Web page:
DATE: June 23, 2009
Peter Skewes, 864-656-4026
Peter Kent, 864-656-4355, 864-723-0491 (cell)
Clemson researcher studies impact of cages on laying hens
CLEMSON — A Clemson University animal behaviorist is researching the impact cages
and other confinement have on the development and well-being of hens.
“Cages were designed to keep hens clean, safe from predators, protected from adverse weather conditions and easily medicated to prevent disease,” said Peter Skewes, the department of animal and veterinary sciences researcher leading the three-year project. “Initially, little thought was given to how cages affected behavioral or emotional needs.”
Recently, cage confinement has taken center stage as egg producers and animal protectionists debate the kind of environment laying hens need.
More is at stake than just the comfort of chickens, though the well-being of 284 million U.S. laying hens is no small matter. Nearly 95 percent of the 90 billion table eggs produced in the United States come from high-density cage systems. The value of all egg production in 2007 was $6.68 billion. In South Carolina egg sales tally about $90 million annually. Changing production conditions are bound to affect the bottom the line.
Advocates for animal protection want the elimination of caged-layer egg production. What’s needed, say egg industry leaders, is scientific information to analyze the situation and provide the data for alternatives.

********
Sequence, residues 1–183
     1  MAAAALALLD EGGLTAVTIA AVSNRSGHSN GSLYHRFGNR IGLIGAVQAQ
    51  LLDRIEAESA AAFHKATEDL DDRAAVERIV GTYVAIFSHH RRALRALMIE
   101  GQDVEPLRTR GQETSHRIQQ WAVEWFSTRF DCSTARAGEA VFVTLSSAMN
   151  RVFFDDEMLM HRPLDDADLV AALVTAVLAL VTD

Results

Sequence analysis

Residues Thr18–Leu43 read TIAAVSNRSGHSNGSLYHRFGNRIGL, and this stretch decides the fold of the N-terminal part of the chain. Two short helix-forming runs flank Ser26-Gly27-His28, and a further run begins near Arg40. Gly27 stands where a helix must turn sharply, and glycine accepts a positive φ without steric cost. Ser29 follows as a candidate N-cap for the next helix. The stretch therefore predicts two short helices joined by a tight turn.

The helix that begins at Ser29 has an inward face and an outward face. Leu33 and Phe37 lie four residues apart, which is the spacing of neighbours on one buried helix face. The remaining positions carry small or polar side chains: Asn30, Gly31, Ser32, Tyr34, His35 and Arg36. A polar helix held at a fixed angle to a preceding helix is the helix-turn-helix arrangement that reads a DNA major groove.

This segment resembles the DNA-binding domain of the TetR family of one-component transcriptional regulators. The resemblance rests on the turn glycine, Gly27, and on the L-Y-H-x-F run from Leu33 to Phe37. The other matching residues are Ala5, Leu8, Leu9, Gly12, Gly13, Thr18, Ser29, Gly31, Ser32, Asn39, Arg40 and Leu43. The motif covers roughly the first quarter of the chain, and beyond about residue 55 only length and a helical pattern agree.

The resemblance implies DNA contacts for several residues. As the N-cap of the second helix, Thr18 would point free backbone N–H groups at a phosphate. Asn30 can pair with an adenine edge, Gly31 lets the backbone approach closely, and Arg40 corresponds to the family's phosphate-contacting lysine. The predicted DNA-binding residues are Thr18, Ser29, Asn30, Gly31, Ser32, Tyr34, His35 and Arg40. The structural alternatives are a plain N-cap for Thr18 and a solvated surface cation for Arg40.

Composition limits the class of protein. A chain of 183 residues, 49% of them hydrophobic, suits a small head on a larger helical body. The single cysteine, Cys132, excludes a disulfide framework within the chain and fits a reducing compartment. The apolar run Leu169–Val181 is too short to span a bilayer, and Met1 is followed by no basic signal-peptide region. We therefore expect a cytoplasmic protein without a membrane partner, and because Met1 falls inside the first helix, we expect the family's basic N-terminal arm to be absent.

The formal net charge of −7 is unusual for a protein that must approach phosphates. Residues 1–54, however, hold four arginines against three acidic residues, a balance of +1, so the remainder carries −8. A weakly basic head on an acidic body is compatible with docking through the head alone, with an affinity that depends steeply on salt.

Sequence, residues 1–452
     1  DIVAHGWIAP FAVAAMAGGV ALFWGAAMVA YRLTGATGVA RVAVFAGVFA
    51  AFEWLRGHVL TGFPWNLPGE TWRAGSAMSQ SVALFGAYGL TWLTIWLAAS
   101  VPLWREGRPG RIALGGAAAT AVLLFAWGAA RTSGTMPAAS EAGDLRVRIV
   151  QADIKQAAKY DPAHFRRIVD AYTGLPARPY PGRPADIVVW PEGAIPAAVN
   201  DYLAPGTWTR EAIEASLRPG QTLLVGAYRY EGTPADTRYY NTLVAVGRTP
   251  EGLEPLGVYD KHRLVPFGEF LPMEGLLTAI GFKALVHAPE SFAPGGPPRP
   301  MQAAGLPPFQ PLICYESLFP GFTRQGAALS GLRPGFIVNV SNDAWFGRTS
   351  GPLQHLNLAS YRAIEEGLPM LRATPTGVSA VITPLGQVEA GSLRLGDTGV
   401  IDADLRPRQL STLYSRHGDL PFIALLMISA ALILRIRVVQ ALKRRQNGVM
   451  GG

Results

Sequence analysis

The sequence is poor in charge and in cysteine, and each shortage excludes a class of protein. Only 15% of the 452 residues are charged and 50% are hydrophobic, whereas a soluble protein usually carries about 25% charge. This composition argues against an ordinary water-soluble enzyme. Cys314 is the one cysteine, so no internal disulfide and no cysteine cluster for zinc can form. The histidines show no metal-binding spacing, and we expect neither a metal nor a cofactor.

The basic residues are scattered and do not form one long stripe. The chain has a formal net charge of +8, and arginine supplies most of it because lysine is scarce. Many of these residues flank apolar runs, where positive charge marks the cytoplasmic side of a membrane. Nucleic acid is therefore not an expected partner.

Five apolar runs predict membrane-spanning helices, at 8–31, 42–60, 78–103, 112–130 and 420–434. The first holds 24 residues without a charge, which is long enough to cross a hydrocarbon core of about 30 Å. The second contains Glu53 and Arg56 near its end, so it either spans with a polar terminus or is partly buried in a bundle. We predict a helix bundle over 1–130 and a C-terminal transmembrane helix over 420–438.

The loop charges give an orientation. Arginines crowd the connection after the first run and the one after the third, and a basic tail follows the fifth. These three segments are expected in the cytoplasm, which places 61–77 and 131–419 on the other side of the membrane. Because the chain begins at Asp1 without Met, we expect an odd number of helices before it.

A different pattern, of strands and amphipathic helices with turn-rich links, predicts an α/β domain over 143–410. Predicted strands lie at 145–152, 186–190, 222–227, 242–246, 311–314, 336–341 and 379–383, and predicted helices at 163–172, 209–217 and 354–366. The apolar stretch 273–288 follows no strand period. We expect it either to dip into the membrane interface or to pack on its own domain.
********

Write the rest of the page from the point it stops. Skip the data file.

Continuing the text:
Without data, designing management systems may be based on incomplete information about hen physiology and behavior, according to Skewes.
“There isn’t a lot of data on the impact of cage systems on neural and behavioral development in chickens. Although some alternative systems are emerging in Europe, there are few alternatives being developed in the United States,” said Skewes. (See related video.)
Skewes will compare cage- and non-cage-production systems for more than 900 chickens at Clemson’s Morgan Poultry Center.
“We have commercial cage conditions in one area, and on the other side we have a pen or floor environment with a lot of enrichment and stimulation,” said Skewes. “What we’re going to do is look at physiological and behavioral differences as a result of the birds being in these two treatments, and, hopefully, that will lead us to have more knowledge and make better decisions about how we want to house these birds and manage them for the production of table eggs.”
The research is funded by a $348,000 National Research Initiative grant from the U.S. Department of Agriculture. Animal and veterinary science department chairwoman Mary Beck was awarded the grant and named Skewes co-investigator.